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What is the signal processing model of a simple regenerative or super-regenerative receiver?

Is it just a linear 2-pole IIR filter with gain? How does a single regen control knob control both selectivity and gain? What causes the super-regenerative effect (a sub-harmonic oscillation?) to occur?

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This is a basic question and needs an answer.

  1. Regenerative receiver or audion. Single LC-filter with undamping: Q-multiplier. The frequency transfer of such a filter can be obtained from a simulation. See figure. As you can see: the AM demodulated audio response is affected when selectivity is too high. The example shows 1 MHz mediumwave. Audio bandwidth of 3 kHz requires sideband transfer of plus and minus 3 kHz. That is 6 kHz top bandwidth or a maximum Q-factor of 1000 kHz / 6 kHz = 167. Higher selectivity at the cost of audio bandwidth.

For shortwave the effective Q-factor can be much higher: 6 Mhz and 6 kHz BW allows Q_eff = 1000.

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The single control knob adjusts the Q multiplication. In the simulation this is the negative resistance. In practice obtained from vacuum tube, bipolar transistor or field effect transistor.

  1. Super-regenerative reception is an effect that the undamping is too strong and leads to oscillation AND that the DC operating point is affected in such a way that the oscillation stops. The oscillator starts again and the process is repeated. The sequence of start-stop is in the order of 20 to 50 kHz for most superregenerative receivers. The high sensitivity follows from the initial phase of the radiofrequency signal during startup of the oscillation: in phase with the oscillator "eigenfrequency" helps and out of phase is opposite.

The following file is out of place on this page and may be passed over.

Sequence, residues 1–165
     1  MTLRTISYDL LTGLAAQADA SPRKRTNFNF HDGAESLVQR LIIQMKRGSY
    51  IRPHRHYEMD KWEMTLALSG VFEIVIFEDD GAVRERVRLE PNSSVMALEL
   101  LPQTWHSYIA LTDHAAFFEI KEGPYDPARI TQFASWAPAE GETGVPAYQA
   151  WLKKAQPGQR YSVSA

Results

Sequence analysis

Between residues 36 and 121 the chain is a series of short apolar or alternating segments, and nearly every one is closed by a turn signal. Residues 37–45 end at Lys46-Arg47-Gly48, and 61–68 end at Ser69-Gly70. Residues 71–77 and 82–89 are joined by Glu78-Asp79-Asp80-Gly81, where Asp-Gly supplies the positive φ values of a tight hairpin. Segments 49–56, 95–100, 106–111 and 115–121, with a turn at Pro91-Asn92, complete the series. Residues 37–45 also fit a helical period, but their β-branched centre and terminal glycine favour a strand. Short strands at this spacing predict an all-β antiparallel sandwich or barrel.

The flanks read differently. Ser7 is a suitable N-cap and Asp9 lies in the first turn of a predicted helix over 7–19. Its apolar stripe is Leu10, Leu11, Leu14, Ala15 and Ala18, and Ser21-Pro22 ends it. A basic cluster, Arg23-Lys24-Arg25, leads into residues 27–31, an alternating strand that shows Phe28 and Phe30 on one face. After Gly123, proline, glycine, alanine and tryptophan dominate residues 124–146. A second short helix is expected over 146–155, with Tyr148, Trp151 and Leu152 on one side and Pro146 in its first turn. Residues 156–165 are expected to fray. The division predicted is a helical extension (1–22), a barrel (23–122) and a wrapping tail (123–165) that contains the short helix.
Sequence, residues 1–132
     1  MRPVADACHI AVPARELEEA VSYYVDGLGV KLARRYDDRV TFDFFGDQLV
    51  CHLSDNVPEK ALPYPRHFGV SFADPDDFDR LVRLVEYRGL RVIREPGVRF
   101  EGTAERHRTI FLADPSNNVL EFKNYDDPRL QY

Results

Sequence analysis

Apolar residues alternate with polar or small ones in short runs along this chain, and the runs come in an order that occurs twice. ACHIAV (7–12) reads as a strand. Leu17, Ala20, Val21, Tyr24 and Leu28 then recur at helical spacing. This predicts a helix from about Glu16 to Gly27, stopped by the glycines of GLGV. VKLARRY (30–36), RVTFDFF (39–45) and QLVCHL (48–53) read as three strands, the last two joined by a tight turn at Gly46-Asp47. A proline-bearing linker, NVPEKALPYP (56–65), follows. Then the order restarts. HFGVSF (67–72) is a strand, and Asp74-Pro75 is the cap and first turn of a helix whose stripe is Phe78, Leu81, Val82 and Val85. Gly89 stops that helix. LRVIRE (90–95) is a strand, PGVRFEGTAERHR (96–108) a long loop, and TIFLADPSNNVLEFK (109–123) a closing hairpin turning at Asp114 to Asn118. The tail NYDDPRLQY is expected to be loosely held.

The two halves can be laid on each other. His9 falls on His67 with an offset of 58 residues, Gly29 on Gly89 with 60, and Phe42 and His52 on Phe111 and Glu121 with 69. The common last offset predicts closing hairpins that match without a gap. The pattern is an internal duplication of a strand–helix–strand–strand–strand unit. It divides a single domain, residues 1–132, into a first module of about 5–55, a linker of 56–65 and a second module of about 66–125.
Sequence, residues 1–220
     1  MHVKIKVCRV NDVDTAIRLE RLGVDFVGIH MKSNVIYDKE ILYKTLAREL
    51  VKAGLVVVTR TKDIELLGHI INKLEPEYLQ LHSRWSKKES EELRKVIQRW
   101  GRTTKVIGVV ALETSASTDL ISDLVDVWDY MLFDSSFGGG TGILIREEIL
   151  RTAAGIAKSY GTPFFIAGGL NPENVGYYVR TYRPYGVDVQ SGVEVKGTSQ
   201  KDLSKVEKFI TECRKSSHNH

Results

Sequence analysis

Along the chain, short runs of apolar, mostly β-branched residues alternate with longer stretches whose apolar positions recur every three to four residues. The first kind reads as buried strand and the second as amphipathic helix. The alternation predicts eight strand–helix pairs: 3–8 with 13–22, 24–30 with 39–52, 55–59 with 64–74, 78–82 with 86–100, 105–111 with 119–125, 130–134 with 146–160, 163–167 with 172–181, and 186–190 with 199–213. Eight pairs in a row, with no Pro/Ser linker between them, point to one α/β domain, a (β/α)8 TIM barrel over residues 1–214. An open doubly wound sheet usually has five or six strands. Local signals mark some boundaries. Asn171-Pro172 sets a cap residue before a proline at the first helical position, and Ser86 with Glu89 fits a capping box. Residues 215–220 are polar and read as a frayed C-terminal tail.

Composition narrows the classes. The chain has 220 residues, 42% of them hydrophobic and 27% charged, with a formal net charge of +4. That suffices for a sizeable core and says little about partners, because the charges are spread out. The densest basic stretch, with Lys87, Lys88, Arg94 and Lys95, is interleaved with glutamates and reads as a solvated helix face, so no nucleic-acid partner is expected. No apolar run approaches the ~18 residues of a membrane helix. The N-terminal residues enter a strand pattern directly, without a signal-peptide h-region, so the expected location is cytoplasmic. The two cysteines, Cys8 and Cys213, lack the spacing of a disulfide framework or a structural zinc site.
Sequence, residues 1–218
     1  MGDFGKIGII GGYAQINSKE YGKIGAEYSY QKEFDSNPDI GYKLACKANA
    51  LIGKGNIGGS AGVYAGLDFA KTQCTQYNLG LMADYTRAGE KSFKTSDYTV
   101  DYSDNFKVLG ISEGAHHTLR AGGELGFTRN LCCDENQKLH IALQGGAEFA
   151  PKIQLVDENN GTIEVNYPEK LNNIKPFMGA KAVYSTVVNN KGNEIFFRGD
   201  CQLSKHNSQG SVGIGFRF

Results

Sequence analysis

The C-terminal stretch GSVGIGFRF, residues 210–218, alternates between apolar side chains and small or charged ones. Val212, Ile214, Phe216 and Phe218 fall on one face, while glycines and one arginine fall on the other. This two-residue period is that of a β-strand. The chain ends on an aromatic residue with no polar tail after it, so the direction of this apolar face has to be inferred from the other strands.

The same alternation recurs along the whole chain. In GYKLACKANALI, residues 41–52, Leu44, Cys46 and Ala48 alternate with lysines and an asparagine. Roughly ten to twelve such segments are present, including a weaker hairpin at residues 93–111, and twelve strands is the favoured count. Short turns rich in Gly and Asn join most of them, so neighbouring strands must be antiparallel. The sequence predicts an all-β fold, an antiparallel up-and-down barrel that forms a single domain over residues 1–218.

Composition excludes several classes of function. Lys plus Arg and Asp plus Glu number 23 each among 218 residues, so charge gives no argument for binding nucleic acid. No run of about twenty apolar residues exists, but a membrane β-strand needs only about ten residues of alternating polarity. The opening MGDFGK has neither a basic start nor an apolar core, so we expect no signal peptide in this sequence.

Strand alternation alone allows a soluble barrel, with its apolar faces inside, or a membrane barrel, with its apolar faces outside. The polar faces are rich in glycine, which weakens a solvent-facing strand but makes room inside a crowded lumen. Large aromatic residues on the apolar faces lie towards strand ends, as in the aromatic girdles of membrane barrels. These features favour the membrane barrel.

Not in your question is a third option: synchrodyne reception. The oscillator is synchronised to the received carrier, simply by pushing. The audio response is now mainly the result of the post-detection audio bandwidth.

Have fun with these simple experiments! They lead to insight that is important for education.

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